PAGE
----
Last Sunday’s New York Times had a front-page article on the horrible negative effects that technology has on kids’ brains. The central character in the piece, Vishal, is a high school student from California who can’t manage to get through his summer reading assignment (Vonnegut’s Cat’s Cradle) because he’s addicted to the constant pinging and flashing of YouTube and Facebook.
“I click and something happens,” he says, explaining that, by comparison, reading a book or doing homework is less exciting. “I guess it goes back to the immediate gratification thing.”
His grades have suffered noticeably, he’s opted for fewer advanced classes this year (but he still isn’t succeeding, we learn), and he probably won’t be able to get into any of the colleges he hopes to attend. But he’s getting really, really good at making YouTube videos.
It would be easy, of course, to say that technology is to blame here, especially since scientists have studied the developing brains of young people and concluded that their constant switching from one electronic device or application to another is having a noticeable impact on their attention spans.
But, of course, we shouldn’t be so hasty to simply put the problem squarely on the shoulders of our computers, cell phones, and video game consoles. The piece, if read carefully, isn’t really about technology doing bad things to your child’s brain, but that would be the easiest way to read it. It’s also, or perhaps mostly, about being a parent who takes an active role in your child’s life and makes the unpopular decision that, no, you can’t spend four hours playing video games after school, even if that decision makes you a Grumpy Gus.
The $2,000 computer Vishal is using is state of the art and only a week old. It represents a concession by his parents. They allowed him to buy it, despite their continuing concerns about his technology habits, because they wanted to support his filmmaking dream. “If we put roadblocks in his way, he’s just going to get depressed,” his mother says. Besides, she adds, “he’s been making an effort to do his homework.”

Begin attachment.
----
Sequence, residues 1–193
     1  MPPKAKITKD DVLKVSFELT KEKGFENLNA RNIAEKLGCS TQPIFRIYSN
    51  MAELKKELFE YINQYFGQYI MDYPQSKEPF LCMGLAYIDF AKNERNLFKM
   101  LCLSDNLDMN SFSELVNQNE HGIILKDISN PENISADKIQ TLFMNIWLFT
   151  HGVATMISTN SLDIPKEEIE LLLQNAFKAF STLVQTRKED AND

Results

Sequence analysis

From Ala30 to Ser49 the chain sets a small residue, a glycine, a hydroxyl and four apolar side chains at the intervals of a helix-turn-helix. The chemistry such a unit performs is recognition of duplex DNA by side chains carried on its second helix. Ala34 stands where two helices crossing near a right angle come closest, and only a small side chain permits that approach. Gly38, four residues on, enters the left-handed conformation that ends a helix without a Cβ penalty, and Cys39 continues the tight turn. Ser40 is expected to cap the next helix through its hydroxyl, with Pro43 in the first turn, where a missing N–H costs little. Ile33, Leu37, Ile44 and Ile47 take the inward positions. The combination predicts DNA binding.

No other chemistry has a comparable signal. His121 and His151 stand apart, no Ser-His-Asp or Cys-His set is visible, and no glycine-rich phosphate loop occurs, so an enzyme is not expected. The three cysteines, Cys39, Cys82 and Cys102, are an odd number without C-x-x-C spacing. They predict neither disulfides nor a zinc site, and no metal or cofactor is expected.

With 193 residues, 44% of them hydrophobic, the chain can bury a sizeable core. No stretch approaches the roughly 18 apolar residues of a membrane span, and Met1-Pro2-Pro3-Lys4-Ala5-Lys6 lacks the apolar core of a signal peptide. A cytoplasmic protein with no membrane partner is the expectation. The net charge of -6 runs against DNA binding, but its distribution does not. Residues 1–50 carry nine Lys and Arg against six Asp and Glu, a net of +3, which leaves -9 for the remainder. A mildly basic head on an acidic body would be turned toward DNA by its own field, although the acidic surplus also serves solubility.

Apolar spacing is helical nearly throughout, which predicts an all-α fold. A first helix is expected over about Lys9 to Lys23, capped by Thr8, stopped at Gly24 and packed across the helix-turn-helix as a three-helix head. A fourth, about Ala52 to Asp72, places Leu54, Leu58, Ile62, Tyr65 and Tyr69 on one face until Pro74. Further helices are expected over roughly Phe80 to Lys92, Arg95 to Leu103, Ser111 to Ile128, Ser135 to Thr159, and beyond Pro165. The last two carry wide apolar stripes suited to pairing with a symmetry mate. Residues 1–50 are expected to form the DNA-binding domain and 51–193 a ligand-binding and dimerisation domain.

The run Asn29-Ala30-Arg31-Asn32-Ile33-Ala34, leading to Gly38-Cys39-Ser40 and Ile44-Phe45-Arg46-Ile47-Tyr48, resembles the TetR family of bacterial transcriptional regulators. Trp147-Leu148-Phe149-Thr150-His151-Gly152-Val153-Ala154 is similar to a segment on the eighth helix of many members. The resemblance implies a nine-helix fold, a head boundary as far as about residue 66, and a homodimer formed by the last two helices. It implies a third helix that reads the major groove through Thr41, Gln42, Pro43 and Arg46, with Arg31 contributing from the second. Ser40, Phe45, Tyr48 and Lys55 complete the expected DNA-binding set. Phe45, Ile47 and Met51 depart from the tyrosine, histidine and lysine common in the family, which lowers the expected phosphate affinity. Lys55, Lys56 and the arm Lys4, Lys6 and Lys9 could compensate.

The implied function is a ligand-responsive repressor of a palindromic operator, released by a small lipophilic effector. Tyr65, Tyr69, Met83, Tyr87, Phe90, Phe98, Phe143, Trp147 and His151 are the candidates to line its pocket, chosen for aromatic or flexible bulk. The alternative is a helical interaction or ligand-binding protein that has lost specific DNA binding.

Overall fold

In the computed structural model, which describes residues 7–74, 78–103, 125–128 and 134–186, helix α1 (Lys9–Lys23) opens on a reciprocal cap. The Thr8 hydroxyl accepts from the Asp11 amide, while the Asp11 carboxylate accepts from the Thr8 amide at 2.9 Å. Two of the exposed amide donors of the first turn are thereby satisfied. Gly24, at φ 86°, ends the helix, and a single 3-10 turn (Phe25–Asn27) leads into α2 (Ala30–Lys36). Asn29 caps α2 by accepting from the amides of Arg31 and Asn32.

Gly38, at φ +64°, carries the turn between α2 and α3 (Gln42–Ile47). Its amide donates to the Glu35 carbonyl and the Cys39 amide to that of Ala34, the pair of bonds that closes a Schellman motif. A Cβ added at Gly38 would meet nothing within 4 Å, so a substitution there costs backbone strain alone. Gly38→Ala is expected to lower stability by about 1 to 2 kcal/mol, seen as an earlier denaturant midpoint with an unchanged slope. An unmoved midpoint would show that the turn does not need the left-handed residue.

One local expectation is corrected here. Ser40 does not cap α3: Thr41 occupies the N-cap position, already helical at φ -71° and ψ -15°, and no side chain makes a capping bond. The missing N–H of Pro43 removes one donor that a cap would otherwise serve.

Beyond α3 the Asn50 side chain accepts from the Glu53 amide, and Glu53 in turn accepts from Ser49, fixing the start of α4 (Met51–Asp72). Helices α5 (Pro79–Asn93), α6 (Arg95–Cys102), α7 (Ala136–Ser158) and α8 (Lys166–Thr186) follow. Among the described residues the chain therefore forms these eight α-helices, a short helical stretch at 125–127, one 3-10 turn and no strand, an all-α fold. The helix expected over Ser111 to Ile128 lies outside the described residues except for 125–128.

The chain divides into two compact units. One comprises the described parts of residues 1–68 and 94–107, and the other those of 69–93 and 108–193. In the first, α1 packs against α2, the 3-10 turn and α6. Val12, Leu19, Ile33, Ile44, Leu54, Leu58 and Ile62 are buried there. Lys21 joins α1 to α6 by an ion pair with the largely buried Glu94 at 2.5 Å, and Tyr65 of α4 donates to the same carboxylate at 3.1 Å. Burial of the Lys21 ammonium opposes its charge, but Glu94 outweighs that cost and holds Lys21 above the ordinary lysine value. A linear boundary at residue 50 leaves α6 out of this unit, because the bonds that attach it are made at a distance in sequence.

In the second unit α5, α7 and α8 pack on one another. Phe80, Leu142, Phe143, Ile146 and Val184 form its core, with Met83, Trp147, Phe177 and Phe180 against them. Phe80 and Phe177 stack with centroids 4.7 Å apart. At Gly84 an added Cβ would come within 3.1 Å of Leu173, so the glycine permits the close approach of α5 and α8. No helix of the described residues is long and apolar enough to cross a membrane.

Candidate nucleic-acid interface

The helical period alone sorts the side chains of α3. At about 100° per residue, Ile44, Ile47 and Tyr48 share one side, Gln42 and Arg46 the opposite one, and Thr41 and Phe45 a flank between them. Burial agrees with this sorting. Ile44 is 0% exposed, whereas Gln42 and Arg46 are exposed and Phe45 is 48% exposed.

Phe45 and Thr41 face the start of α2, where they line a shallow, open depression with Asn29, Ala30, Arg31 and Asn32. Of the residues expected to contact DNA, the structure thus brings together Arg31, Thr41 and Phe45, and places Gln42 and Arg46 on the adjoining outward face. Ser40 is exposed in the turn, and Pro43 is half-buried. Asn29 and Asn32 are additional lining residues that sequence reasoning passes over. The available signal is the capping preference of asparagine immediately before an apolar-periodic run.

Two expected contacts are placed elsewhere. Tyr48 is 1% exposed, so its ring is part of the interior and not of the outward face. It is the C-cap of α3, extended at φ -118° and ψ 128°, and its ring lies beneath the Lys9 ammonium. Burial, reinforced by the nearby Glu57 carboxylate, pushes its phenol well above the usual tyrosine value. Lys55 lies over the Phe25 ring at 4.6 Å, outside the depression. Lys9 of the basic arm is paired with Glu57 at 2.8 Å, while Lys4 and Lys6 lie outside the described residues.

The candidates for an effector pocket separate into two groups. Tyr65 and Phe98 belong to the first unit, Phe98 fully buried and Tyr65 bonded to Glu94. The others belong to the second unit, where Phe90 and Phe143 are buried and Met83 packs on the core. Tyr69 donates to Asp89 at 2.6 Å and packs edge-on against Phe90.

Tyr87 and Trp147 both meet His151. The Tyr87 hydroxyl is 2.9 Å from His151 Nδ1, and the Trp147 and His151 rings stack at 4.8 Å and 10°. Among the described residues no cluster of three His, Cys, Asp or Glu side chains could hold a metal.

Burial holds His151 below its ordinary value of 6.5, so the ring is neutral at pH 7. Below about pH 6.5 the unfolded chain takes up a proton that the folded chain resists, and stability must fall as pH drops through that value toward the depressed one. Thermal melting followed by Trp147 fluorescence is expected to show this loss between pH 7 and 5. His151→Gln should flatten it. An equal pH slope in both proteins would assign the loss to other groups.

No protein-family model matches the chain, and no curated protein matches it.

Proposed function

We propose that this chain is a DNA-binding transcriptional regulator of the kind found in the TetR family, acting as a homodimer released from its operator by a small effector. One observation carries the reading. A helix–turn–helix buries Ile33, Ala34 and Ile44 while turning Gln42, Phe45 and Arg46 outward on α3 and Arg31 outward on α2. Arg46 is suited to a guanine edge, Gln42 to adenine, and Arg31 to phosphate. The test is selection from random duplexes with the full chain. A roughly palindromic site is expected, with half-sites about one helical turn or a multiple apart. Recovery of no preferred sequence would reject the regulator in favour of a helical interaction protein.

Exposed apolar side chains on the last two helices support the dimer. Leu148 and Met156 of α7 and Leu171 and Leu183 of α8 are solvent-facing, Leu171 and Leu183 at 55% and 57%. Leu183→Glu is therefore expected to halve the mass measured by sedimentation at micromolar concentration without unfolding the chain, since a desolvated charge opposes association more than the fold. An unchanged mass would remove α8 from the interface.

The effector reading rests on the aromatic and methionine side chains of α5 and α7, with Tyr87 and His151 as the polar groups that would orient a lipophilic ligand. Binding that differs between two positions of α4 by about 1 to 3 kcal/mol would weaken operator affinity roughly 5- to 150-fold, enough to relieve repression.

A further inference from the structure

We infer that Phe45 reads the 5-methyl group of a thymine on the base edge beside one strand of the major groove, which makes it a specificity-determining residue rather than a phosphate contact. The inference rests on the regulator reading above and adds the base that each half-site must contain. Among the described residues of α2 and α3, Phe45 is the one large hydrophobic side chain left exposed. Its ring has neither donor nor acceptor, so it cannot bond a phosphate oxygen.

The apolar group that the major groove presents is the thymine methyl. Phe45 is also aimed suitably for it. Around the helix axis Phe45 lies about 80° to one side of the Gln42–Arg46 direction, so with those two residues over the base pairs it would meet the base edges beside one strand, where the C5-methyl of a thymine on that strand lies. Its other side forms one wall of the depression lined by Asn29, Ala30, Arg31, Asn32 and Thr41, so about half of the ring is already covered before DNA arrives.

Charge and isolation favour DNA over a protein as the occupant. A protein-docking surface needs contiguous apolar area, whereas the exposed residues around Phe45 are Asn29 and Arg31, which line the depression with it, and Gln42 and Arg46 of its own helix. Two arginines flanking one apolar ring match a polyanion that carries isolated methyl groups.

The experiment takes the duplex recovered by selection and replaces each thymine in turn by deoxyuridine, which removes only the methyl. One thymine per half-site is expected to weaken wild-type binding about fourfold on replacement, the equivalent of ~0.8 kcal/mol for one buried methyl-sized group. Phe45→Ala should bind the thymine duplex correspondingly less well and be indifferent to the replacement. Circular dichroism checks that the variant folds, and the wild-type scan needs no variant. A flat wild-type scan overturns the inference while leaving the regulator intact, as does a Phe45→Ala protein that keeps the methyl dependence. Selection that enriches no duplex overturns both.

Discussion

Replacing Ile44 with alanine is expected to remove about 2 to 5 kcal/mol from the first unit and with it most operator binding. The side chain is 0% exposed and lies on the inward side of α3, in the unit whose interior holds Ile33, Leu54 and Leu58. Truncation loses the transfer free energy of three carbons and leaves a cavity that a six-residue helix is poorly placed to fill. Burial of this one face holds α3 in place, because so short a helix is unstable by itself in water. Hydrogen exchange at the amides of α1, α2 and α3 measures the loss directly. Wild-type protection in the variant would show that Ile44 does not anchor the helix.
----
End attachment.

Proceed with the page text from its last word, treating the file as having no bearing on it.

Now maybe I’m being dense.
But, really, the problem isn’t that the student would rather be making videos on his computer than reading (though, admittedly, as someone who loves to read, that seems like an intrinsic problem). A lot of young people (and even some old people) would rather play video games or scroll through friends’ pictures on Facebook than read Vonnegut.
To my mind, the problem is that the parents haven’t said something to the effect of: “First, you do your school work and then you can use the computer for a certain, limited amount of time. And if you don’t like that arrangement, you can do your school work and then not use your computer at all.”
Instead, they say things like this:
“If you’re not on top of technology, you’re not going to be on top of the world,” said John McMullen, 56, a retired criminal investigator whose son, Sean, is one of five friends in the group Vishal joins for lunch each day.
Sean’s favorite medium is video games; he plays for four hours after school and twice that on weekends. He was playing more but found his habit pulling his grade point average below 3.2, the point at which he felt comfortable. He says he sometimes wishes that his parents would force him to quit playing and study, because he finds it hard to quit when given the choice.
I submit that Vishal’s parents probably shouldn’t have rewarded his poor academic performance with a $2,000 computer. And that it’s possible for Sean to be “on top of technology” without playing video games thirty-six hours a week. And that it’s desperately sad that these kids actually want their parents to step in and provide some rules, and that their parents are unwilling to do so. But maybe Sean’s dad will get the hint now that his son has told him about the problem on the front page of the New York Times.